August 6, 2020

Vital Signs: The best foods for your GPA

The body relies on macronutrients for energy. (Instagram)

By Anna Kellaher

We have all heard that breakfast is the most important meal of the day, but does this message apply to our academic success? The foods we eat supply nutrients that have both long-term and short-term effects on our brains.

Our bodies require large amounts of macronutrients — carbohydrates, fats and proteins — to feel energized.

The majority of the energy used by the brain comes from carbs, which break down into easy-to-use glucose. Simple carbs like white bread and sugary cereals break down much faster than complex carbs like oats and whole grains. With simple carbs, your brain will have a quick peak in sugar, followed by a dip in your attention span and mood. Complex carbs release glucose at a slower rate that will keep your mood and attention span steady, according to Diabetes U.K.

Fats provide fatty acids, which are needed to build the membranes that surround and protect brain cells. The body does not make certain fatty acids, so we have to get them through our diet — omega-3 and omega-6 fatty acids are found in nuts, seeds and certain kinds of fish.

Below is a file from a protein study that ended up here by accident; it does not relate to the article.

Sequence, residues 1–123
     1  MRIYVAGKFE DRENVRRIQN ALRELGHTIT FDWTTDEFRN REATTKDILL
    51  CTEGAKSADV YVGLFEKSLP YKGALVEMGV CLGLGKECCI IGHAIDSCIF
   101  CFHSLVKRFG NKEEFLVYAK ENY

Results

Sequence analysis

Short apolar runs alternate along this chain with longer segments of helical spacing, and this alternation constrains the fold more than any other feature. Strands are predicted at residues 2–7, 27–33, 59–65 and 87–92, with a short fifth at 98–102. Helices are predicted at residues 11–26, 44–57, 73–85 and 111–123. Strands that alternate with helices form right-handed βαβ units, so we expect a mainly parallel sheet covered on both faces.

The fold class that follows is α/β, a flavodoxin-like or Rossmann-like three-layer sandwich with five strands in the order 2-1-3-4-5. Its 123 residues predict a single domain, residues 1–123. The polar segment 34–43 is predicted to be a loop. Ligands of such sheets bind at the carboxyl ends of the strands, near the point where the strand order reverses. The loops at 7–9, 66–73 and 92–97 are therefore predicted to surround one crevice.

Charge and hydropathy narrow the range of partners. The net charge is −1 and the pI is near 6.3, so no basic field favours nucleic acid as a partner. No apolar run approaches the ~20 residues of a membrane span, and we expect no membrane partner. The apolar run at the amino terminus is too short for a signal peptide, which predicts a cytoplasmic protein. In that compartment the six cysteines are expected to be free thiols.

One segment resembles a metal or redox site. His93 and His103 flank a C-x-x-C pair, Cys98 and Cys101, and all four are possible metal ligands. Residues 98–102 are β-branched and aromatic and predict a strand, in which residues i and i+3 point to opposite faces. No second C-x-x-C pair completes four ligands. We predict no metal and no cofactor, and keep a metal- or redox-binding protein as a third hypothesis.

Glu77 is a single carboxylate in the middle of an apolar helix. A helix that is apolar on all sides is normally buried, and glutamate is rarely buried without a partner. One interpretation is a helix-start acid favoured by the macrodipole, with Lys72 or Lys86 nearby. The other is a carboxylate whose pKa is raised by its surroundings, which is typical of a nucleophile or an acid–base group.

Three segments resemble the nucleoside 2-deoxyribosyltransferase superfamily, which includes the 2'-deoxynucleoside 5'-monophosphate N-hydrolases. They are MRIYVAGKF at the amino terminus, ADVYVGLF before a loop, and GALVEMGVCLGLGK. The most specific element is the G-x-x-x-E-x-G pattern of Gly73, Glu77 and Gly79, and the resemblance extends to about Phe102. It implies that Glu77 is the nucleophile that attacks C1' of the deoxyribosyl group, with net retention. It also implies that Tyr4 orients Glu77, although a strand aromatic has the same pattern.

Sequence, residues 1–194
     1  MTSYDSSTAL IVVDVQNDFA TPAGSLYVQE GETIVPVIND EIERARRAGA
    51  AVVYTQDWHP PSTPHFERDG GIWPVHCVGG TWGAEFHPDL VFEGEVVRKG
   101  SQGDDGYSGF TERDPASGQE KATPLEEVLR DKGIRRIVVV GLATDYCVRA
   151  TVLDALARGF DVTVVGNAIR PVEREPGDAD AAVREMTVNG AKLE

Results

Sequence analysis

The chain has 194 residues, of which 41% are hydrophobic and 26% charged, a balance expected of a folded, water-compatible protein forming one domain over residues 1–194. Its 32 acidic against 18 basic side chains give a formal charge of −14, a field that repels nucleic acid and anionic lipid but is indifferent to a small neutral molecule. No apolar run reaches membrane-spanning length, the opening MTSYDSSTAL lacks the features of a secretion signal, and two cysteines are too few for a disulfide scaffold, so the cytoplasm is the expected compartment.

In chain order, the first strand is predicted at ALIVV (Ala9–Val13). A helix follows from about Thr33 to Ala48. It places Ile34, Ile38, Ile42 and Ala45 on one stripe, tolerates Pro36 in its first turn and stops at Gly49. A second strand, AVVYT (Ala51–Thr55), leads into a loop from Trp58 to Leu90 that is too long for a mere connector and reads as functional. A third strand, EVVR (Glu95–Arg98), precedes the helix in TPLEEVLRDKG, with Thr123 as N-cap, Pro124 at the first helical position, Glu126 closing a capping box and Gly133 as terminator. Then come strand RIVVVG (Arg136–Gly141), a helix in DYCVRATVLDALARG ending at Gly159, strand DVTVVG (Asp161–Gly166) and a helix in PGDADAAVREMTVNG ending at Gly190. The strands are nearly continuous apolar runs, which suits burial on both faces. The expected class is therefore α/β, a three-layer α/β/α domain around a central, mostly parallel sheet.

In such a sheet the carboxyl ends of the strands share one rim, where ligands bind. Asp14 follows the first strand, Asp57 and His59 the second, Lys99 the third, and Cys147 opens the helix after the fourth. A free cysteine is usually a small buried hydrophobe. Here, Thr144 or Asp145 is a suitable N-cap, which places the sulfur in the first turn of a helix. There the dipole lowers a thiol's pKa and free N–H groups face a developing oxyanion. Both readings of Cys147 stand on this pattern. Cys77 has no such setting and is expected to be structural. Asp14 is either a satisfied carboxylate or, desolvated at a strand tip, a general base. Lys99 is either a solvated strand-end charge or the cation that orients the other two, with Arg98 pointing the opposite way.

Proteins are an important factor for how we feel and act. Amino acids found in proteins are essential tools for synthesizing neurotransmitters, the signals that carry messages around our brain. Neurotransmitters have a direct impact on mood and attentiveness, both of which are critical for focusing in class or acing an exam.

So what’s the best breakfast for your GPA? It should be a balance of all three macronutrients — carbs, fats and proteins, according to the Mayo Clinic. Pick a complex carb like whole wheat toast or oatmeal and add a healthy source of protein like turkey bacon, Greek yogurt or eggs. Work omega fatty acids into your breakfast by having a handful of walnuts or making sure that your eggs are enriched with omega-3s. 

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